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Pressure in fluids
All the flowing substances, both liquids and gases are called fluids. Like solids, fluids also have weight and therefore exert pressure. When filled in a container, the pressure of the fluid is exerted in all directions and at all points of the fluid. Since the molecules of a fluid are in constant, rapid motion, particles are likely to move equally in any direction. Therefore the pressure exerted by the fluid acts on an object from all directions. It is shown in Figure 1.2. Pressure in fluids is calculated as shown below.
We shall first learn about the pressure exerted by liquids and then learn about the pressure exerted by gases.
The force exerted due to the pressure of a liquid on a body submerged in it and on the walls of the container is always perpendicular to the surface. In Figure 1.3, we can see the pressure acting on all sides of the vessel.
When an air filled balloon is immersed inside the water in a vessel it immediately comes up and floats on water. This shows that water (or liquid) exerts pressure in the upward direction. It is shown in Figure 1.4.
Similarly, liquid pressure acts in lateral sides also. When a bottle having water is pierced on the sides we can see water coming out with a speed as in Figure 1.5. This is because liquid exerts lateral pressure on the walls the container.
Pressure exerted by a liquid at a point is determined by,
(i) depth (h)
(ii) density of the liquid (ρ)
(iii) acceleration due to gravity (g).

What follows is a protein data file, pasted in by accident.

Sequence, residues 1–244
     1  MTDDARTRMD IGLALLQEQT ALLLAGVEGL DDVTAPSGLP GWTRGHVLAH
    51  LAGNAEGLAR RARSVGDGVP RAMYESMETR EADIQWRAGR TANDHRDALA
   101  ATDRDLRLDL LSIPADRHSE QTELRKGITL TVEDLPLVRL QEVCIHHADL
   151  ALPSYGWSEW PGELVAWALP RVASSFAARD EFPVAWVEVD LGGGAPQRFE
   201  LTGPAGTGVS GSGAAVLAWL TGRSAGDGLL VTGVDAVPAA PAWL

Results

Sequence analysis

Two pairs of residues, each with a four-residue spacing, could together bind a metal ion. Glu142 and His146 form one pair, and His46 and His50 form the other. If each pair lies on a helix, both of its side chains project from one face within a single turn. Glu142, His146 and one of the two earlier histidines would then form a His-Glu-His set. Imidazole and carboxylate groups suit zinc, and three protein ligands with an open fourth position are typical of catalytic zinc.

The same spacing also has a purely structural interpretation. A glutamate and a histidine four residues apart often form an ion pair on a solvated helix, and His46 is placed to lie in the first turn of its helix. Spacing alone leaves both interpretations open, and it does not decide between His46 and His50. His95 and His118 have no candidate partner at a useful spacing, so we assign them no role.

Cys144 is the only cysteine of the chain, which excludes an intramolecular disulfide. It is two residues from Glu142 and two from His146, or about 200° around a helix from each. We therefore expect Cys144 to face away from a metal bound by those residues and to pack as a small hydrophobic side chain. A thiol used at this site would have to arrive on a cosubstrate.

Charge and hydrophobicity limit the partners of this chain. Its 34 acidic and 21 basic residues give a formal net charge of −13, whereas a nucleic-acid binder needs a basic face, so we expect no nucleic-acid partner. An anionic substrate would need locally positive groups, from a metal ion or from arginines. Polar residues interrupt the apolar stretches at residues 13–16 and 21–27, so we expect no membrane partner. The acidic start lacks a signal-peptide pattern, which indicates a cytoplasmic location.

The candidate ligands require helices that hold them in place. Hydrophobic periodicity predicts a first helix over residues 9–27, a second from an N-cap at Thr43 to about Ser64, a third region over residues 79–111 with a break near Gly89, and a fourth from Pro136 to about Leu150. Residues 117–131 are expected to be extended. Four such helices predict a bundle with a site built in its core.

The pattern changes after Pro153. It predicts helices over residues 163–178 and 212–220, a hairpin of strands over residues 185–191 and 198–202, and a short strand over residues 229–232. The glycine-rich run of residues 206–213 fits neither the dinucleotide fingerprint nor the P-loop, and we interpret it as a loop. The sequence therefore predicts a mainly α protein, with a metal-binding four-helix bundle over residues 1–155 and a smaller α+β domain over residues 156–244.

From this activity we can see that pressure varies as depth increases. But, it is same at a particular depth independent of the direction. In Figure 1.6, we see the gauge reads the same value because the pressure is being measured at the same depth (red line).
A tall beaker is filled with liquid so that it forms a liquid column. The area of cross section at the bottom is A. The density of the liquid is ρ. The height of the liquid column is h. In other words the depth of the water from the top level surface is 'h' as shown in Figure 1.7.
We know that thrust at the bottom of the column (F) = weight of the liquid.
Therefore, F = mg …..(1)
We can get the mass of the liquid by multiplying the volume of the liquid and its density.
Mass, m = ρ V ….. (2)
Volume of the liquid column, V = Area of cross section (A) × Height (h) = Ah (3)
Substituting (3) in (2)
Hence, mass, m = ρAh (4)
Substituting (4) in (1)
Force = mg = ρAhg
∴Pressure due to a liquid column, P = hρg
This expression shows that pressure in a liquid column is determined by depth, density of the liquid and the acceleration due to gravity. Interestingly, the final expression for pressure does not have the term area A in it. Thus pressure at a given depth does not depend upon the shape of the vessel containing the liquid or the amount of liquid in the vessel. It only depends on the depth. In Figure 1.8, the pressure is the same even though the containers have different amounts of liquid in them, and are of different shapes.
Calculate the pressure exerted by a column of water of height 0.85 m (density of water, ρw = 1000 kg m–3) and kerosene of same height (density of kerosene, ρk = 800 kg m–3)
Pressure due to water
= hρwg = 0.85 m × 1000 kg m–3 × 10 m s–2
= 8500 Pa.
Pressure due to kerosene
= hρkg = 0.85 m × 800 kg m–3 × 10 ms–2
= 6800 Pa.
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